The proposed effort is aligned with the goals of NASA?s Living With a Star (LWS) program that is focused on developing a predictive understanding of solar activity and its effects on Earth and space-based assets. The newly developed and validated ?event-to-effects? modeling capability will be synergistic to the strategic capability models available to the scientific community (e.g., via the Community Coordinated Modeling Center ? CCMC - at Goddard/GSFC). In fact, the MAG4 solar activity forecasting code within the overall SPE4 package is already (individually) available from CCMC. With the emphasis on linking the calculated particle spectra with CR?ME96 to calculate effects in electronics, optimizing SPE4 interfaces and calculation procedures, and continued validation, this project will also focus on transition towards operational use. This effort also addresses objectives outlined in NASA?s Human Research Roadmap and OCT Technology Roadmap TA06 ? Human Health, Life Support, and Habitation Systems, in particular, the sub-technology area of Radiation, including Space Weather Prediction and Protection Systems. The SPE4 software will specifically address the limitations facing mission operational planning in terms of forecasting the occurrence, magnitude, and all-clear periods of SPEs. The SPE4 framework will also support interfaces to other downstream codes for radiation effects calculations (e.g., to analyze and design effective shielding materials).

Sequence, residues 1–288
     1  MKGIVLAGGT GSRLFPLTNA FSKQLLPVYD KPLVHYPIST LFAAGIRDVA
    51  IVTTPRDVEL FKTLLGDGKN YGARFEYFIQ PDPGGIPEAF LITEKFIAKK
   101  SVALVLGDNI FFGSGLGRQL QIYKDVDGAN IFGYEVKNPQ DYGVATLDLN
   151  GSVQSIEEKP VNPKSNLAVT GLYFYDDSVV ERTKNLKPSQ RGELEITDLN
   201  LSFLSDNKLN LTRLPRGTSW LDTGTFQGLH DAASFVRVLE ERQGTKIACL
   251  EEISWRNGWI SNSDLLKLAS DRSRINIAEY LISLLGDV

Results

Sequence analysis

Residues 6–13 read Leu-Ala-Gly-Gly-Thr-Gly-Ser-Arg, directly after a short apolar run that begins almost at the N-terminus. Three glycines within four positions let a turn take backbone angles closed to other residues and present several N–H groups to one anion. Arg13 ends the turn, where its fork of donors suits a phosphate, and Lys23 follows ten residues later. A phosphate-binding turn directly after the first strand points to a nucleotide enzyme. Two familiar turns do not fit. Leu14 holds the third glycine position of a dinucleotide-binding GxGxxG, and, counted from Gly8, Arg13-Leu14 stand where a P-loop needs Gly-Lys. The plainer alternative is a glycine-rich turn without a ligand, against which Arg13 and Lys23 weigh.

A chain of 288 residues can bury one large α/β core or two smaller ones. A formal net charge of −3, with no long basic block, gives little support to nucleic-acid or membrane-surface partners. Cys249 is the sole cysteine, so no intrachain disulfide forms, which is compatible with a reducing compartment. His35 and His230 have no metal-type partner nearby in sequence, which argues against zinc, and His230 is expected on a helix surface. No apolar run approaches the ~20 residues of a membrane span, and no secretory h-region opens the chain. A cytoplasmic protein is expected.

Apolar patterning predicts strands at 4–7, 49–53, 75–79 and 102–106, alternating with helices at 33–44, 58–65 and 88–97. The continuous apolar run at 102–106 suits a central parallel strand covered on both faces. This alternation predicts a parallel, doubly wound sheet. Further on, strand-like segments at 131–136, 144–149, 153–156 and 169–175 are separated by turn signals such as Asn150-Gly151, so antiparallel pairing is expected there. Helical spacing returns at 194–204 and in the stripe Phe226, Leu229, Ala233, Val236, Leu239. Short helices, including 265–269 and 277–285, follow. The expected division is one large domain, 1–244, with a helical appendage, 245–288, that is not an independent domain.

Dynamic variations in the high-energy, highly-penetrating solar particle environment can adversely affect aircraft (especially near the Poles), cause navigational and GPS equipment interference, disrupt spacecraft electronic systems, and cause disruption/equipment failure in communication systems. For DoD agencies and commercial entities with space-based or high-altitude assets, an efficient and accurate predictive capability for the radiation environment at desired locations or along preset trajectories, and resulting effects caused in systems (electronics, materials), will be a significant aid to mission planners for scheduling tasks and to adopt risk mitigation strategies for equipment. Changes in the Earth?s ionosphere due to SPEs can modify the transmission path and even block transmission of High Frequency (1-30 MHz) radio signals. These frequencies are used by amateur (ham) radio operators, commercial airlines, and government agencies such as the Federal Emergency Management Agency and the Department of Defense. Terrestrial applications such as electric power transmission systems can be affected by SPE-induced changes to the geomagnetic field leading to blackouts. Induced stray currents leading to corrosion in above-ground oil pipelines (near the Poles) is another concern. In all these cases, a predictive capability for SPE-induced radiation level spikes can help equipment managers intelligently manage operations and prevent catastrophic failures.